Rain garden help

Tuesday, April 14th, 2020

See Brook Run’s Rain Gardens in Action

Friday, January 27th, 2017

Link to CORGI’s Facebook rain garden video

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We regularly receive questions about Brook Run and refer to the project for those municipalities and residents interested in rain gardens. The variety of garden designs and their visibility often provide much-needed education and motivation. Dr. Jay Martin, Professor of Ecological Engineering at The Ohio State University, continues to facilitate water quality tests with students. Read More

Frequently Asked Questions about Rain Gardens

Tuesday, January 21st, 2014

How is a rain garden different from any other garden?

The main difference is that they’re created in man-made or natural depressions, rather than being flat or mounded on the surface. Their purpose is to create a space where stormwater runoff pools temporarily, preventing polluted water from entering our streams and creeks. Deep-rooted native prairie plants, especially those that thrive in moist or wet soils, are often used and sometimes soil amendment is added.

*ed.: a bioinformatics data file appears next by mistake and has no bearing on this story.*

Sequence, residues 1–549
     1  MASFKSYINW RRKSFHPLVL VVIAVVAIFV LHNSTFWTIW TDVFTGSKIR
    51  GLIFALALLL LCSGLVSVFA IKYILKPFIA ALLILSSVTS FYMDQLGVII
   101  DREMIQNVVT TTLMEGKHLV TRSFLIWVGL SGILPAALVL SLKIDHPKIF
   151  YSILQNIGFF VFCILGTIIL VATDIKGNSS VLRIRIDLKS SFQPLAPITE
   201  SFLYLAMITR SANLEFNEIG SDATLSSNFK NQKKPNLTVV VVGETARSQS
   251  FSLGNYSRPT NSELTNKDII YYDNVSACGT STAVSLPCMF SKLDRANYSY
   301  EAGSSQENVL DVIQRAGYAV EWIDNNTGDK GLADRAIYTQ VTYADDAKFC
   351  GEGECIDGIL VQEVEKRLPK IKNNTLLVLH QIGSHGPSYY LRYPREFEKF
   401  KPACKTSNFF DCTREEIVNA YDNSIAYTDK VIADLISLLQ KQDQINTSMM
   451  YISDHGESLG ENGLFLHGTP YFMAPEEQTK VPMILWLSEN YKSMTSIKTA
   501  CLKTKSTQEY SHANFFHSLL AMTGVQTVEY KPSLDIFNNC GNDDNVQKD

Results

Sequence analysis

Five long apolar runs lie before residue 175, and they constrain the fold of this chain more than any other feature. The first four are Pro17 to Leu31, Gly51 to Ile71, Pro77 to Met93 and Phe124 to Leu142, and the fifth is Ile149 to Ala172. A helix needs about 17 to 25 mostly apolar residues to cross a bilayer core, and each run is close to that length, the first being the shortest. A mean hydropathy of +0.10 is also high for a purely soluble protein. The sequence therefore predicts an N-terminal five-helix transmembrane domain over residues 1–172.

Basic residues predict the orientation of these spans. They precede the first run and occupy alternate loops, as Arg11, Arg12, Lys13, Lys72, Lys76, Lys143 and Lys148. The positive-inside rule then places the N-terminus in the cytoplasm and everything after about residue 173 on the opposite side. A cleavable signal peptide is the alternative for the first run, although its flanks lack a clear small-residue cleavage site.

Read More

Quarterly Newsletter, Issue 3

Tuesday, September 18th, 2012

Click this link to view or download 2012?s 2nd issue of The Rain Gardener: vol3issue3

Updated Brook Run Project Report

Tuesday, June 5th, 2012

An updated report with our neighborhood rain garden project information, data, and costs is now available! Click here to view or download: brook run project report_may2012

Spring in Brook Run

Wednesday, May 16th, 2012

Yet again, the plants have come back and some are already blooming in our neighborhood rain garden project at Brook Run. Here are some photos of what’s currently blooming and how the rain gardens look:

2012 Quarterly Newsletter, Issue 2

Wednesday, May 16th, 2012

Click this link to view or download 2012’s 2nd issue of The Rain Gardener: vol3issue2

2012 Quarterly Newsletter, Issue 1

Tuesday, February 7th, 2012

Click here to view/download 2012’s first issue of The Rain Gardener.

 

Record Rainfall, Rain Gardens Holding Strong

Wednesday, December 28th, 2011

This year has been a record-setting year of rain fall here in central Ohio. In Westerville where our Brook Run rain gardens are located, their local rainfall tallies 56.54″. The annual average is 38.5″. That’s 46.8% more rain than what is expected! Even still, the residential and right-of-way rain gardens at Brook Run have held up nicely, helping to prevent this unprecedented amount of rain and the pollutants it carries from entering our local waterways.

 

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